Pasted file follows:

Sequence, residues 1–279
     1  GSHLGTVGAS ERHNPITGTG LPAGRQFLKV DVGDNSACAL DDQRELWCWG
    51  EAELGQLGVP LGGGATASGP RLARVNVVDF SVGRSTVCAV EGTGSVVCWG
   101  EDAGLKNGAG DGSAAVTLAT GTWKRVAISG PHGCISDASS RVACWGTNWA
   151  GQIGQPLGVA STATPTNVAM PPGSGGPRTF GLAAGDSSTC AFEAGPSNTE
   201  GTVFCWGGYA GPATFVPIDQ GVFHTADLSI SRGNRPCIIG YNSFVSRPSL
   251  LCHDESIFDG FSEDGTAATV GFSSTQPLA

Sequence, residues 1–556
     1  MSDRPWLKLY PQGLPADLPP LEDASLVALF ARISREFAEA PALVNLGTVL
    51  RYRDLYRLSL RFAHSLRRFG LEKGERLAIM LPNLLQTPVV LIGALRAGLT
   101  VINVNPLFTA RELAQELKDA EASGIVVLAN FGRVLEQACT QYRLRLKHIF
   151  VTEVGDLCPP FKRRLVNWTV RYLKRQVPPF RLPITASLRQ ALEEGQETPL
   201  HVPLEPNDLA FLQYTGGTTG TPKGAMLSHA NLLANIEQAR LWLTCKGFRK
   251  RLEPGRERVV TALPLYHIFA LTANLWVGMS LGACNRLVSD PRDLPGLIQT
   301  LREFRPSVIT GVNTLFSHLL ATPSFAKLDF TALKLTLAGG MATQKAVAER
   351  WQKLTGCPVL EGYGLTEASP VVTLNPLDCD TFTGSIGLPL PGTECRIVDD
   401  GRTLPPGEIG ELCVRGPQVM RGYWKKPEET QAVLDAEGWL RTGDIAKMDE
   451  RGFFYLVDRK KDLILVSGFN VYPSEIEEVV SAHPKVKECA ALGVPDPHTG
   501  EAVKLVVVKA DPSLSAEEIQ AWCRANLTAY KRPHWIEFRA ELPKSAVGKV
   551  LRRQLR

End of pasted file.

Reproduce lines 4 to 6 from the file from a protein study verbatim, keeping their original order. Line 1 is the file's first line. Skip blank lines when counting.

   101  EDAGLKNGAG DGSAAVTLAT GTWKRVAISG PHGCISDASS RVACWGTNWA
   151  GQIGQPLGVA STATPTNVAM PPGSGGPRTF GLAAGDSSTC AFEAGPSNTE
   201  GTVFCWGGYA GPATFVPIDQ GVFHTADLSI SRGNRPCIIG YNSFVSRPSL